We next learn that "you cannot be a Southern Belle unless you understand what it is to be ladylike." But unfortunately, it is all too easy to be caught up in the ways of the world and lose sight of this primary calling.
A lot of women today enjoy being the feisty, brassy, foul-mouthed kind of gal who drinks with men and shows a lot of flesh. They think it's cool.
Phaedra continues and reflects that, "I've heard the argument that this is progress, from the feminist point of view, but I don't necessarily agree." I can never remember -- which wave of feminism was the one with all the feisty gals? But clearly, their agenda has gone too far! How, in contrast, does a delicate Southern Belle behave?
She looks as if she's heard of sex, probably has had sex, but has no plans to have sex with anybody in the immediate surroundings.
I'm not sure exactly how to convey this highly specific sentiment in any other way than purchasing a t-shirt custom-printed with the phrase, "I have heard of sex, have probably had sex, but have no plans to have sex with anybody in the immediate surroundings," so I hope that approach will suffice for now. Phaedra follows up by cautioning us that,
A lady never puts in the shop window what isn't for sale.
Personally, I like to think of myself as more of a museum than a gift shop, but to each their own! We next learn more about the delicate balance a Southern Belle must achieve in order to maintain her esteemed position. For example, while "she doesn't cuss and doesn't talk dirty," frigidity is similarly unbecoming -- "if somebody tells a good dirty joke in her vicinity, she'll laugh." I'm barely a third of the way through this book, and I'm already exhausted at the prospect of having to remember all of these hyper-specific edicts. It's no surprise that the Southern Belle has to remain consistently vigilant; as Phaedra intones, "coming from a Pentecostal family, I hate to see a woman down more than two drinks." It seems to me like the simplest way to avoid such emotional turmoil would be to simply refrain from compulsively tallying the beverage intake of strangers, but I soon learn there are far more perilous hazards lurking around every corner. Phaedra shares her personal strategy for avoiding the very implication of incivility in the following excerpt:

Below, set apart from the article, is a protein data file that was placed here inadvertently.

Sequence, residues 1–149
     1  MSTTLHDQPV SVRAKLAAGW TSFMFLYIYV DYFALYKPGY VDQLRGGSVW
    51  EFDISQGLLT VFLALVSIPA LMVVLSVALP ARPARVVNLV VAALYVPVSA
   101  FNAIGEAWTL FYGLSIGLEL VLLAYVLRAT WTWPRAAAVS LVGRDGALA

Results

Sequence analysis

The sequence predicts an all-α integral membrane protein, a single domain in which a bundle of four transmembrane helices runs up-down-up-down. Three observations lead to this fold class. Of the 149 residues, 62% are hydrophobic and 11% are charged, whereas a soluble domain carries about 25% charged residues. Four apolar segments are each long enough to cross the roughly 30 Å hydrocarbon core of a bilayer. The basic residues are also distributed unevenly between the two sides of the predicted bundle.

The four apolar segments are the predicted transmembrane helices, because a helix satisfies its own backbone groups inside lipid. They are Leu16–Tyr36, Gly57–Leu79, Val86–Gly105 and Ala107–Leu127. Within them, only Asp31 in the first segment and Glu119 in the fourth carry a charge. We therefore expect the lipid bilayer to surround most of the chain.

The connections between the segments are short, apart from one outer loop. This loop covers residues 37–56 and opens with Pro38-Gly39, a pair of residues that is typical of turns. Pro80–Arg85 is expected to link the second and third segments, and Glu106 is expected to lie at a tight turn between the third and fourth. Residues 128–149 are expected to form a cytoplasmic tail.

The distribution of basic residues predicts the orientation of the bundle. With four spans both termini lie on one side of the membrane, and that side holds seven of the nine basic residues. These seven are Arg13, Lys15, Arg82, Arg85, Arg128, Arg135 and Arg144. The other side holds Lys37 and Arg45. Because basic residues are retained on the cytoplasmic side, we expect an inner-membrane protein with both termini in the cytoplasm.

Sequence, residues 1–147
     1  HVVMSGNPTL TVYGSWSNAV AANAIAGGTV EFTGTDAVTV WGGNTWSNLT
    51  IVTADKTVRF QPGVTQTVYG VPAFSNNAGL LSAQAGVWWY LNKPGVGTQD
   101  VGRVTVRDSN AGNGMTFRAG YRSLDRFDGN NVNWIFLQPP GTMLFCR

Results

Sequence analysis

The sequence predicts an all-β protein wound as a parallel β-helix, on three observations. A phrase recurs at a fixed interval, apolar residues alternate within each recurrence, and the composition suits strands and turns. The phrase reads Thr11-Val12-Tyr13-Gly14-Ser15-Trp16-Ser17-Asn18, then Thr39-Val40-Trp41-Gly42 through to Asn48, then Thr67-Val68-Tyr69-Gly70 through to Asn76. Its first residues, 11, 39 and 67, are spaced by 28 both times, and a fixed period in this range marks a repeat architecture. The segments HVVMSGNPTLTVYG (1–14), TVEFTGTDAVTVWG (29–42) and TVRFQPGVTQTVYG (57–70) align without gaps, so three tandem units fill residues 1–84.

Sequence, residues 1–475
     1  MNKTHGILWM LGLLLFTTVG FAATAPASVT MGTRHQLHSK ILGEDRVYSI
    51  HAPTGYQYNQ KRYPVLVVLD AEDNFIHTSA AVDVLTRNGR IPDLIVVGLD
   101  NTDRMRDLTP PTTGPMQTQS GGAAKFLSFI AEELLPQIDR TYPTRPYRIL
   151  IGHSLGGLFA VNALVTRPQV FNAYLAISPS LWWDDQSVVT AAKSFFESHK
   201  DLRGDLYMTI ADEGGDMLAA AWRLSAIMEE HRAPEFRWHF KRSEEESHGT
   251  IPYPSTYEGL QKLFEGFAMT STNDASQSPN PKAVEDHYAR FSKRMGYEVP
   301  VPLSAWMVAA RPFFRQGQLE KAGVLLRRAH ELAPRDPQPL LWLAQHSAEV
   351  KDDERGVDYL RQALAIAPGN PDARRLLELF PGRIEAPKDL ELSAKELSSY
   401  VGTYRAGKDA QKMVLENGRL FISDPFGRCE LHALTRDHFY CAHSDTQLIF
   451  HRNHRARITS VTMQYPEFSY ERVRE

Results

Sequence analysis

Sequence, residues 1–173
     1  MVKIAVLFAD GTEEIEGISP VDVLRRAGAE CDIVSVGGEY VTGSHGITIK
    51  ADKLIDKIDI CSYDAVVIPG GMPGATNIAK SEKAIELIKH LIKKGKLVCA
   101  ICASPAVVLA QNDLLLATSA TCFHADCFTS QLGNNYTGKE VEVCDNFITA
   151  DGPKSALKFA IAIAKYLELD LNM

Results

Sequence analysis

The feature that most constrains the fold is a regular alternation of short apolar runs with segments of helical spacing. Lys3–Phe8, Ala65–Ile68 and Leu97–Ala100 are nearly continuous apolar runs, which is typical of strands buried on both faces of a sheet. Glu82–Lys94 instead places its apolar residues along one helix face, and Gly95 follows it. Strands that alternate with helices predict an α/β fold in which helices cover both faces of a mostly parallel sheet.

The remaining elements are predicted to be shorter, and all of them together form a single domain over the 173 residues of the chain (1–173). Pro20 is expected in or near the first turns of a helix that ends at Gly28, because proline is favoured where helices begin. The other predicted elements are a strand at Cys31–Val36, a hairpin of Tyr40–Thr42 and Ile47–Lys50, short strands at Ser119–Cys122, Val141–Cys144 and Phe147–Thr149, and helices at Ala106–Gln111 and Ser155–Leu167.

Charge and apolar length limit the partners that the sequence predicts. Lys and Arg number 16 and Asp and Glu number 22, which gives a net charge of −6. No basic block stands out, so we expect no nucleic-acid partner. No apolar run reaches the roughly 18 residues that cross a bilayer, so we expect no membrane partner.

I don't ever go to the bar at a party; I think that just looks terrible. If I must have a glass of wine or crave a fruity adult libation, I'll ask a nearby man to procure it for me.
Sir! Procure me a fruity adult libation -- tout de suite! But I would hate to diminish the male gender by implying that they're only good for the acquisition of potables; no -- men can be leveraged in an increasingly broad array of day-to-day tasks. As Phaedra shares:
I have friends who have never in their lives pumped gas for their own cars. They will ask a complete stranger to do it for them. One of my besties from New Orleans will flag down a man, give him her credit card, and have him pump and pay for her gas.
Honestly, I can't help but wonder if this might actually be some kind of avantgarde performance art, in the tradition of Marina Abramović's Rhythm 0. Because the idea that this gambit has never gone horribly, horribly awry truly strains credulity. As I read on, however, I learn that my current train of thinking is sorely misguided.